record S$8.1 billion (US$ 5.69 billion) was spent on lotteries and sports betting in the financial year that ended in March last year, thanks to the increase in bets placed during the 2018 World Cup. The figure is an increase of almost 10 percent compared with the S$7.4 billion spent on the same games during the preceding financial year.
Currently, all bets are off during the circuit breaker period, which has been extended to June 1, and sums wagered in the current financial year are unlikely to hit new peaks. All Singapore Pools outlets, the Singapore Turf Club and the two casinos have been closed since more stringent measures to contain the spread of COVID-19 were implemented on April 7.
The spike in bets in its financial year that ended last March was driven largely by the 2018 World Cup in Russia, according to a Tote Board spokesman cited by The Straits Times.
Lotteries comprise 4-D, Toto and Singapore Sweep, while sports betting refers to soccer and motor racing bets. No individual breakdown of these games was provided in the Tote Board’s annual report. The Tote Board, a statutory body, governs lottery operator Singapore Pools and Singapore Turf Club, which operates the horse races.
The sum total placed on lotteries and sports betting has been increasing almost every year in the past decade. The S$8.1 billion wagered on these games represents a 35 percent increase from the S$6 billion placed on bets in the financial year that ended in March 2010.
Counsellors have given reasons behind the enduring popularity of 4-D and Toto. People can place small bets, these games are easy to play and then there is the lure of million-dollar prizes for Toto. Besides, Singapore Pools outlets are located all over the island and are easily accessible.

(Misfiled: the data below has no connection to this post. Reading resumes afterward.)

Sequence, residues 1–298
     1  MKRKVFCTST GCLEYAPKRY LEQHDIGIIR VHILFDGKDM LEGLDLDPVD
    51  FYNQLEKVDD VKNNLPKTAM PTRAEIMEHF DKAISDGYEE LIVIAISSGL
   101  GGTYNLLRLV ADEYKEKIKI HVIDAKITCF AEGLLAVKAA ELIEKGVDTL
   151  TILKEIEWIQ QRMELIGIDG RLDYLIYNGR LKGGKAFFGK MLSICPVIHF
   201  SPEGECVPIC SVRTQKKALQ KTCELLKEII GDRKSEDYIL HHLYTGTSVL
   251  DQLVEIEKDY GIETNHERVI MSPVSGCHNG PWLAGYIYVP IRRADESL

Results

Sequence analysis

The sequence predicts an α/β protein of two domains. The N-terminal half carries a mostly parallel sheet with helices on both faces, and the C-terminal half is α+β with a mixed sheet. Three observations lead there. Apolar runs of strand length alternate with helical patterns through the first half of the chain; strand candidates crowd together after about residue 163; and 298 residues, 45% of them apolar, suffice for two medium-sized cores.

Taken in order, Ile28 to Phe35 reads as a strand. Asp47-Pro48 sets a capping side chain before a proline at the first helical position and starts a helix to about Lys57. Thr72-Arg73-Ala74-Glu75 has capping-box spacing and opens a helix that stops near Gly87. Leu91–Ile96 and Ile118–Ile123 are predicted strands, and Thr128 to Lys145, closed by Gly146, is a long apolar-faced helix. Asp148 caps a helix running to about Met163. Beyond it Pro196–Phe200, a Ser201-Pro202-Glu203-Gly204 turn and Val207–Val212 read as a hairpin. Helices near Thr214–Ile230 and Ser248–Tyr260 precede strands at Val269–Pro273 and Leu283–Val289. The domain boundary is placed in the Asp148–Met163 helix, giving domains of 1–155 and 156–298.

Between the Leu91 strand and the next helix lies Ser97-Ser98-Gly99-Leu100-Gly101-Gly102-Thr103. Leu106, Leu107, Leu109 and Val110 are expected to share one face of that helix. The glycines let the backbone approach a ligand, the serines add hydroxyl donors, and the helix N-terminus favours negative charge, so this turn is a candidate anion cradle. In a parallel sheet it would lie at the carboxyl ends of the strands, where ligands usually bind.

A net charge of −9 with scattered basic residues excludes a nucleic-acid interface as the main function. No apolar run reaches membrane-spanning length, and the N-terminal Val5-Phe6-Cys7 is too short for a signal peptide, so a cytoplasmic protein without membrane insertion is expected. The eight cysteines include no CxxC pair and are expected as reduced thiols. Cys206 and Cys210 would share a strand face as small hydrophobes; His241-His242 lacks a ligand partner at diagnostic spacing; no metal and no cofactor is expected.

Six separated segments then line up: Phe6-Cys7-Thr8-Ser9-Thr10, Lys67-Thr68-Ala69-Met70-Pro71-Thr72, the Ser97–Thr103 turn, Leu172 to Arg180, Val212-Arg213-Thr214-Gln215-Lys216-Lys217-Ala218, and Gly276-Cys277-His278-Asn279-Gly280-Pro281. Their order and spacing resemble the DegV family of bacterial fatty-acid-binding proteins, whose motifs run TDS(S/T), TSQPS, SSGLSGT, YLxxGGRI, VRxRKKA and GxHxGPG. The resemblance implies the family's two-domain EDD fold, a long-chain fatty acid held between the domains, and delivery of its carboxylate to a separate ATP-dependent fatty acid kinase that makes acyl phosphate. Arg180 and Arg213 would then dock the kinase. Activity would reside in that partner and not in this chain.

As for the surge in bets in the financial year that ended last March, counsellors said that regular punters and problem gamblers tend to bet more during the once-in-four-years World Cup in the hope of winning big. One Hope Centre received about 100 calls for help about two months after the 2018 World Cup ended – double the usual number they receive in a month. The centre’s manager, Ms Joanna Kong, said that these gamblers would only look for help after they have exhausted their savings, family’s goodwill and even licensed money lenders.
Meanwhile, horse racing and the casinos have lost their shine among punters. While S$1.1 billion (US$ 773.6 million) was bet on horses in each of the financial years that ended in March 2018 and March last year, those sums were nowhere near the S$2.1 billion high of the financial year that ended in March 2010. Horse racing is a lot more popular among seniors, counsellors said, while younger men are more into soccer betting.
Likewise, the collected casino entry levies fell from $131 million in the financial year that ended in March 2018 to S$125 million (US$87.9 million) in the financial year that ended in March last year. There has been a steady decline in sums collected as entry levy, which Singaporeans and permanent residents have to pay to enter a casino in Singapore, since the two casinos opened in 2010.
Counsellors said that the novelty has worn off among the locals. Besides, many of the addicts are likely to have barred themselves from entering already after losing their fortunes there.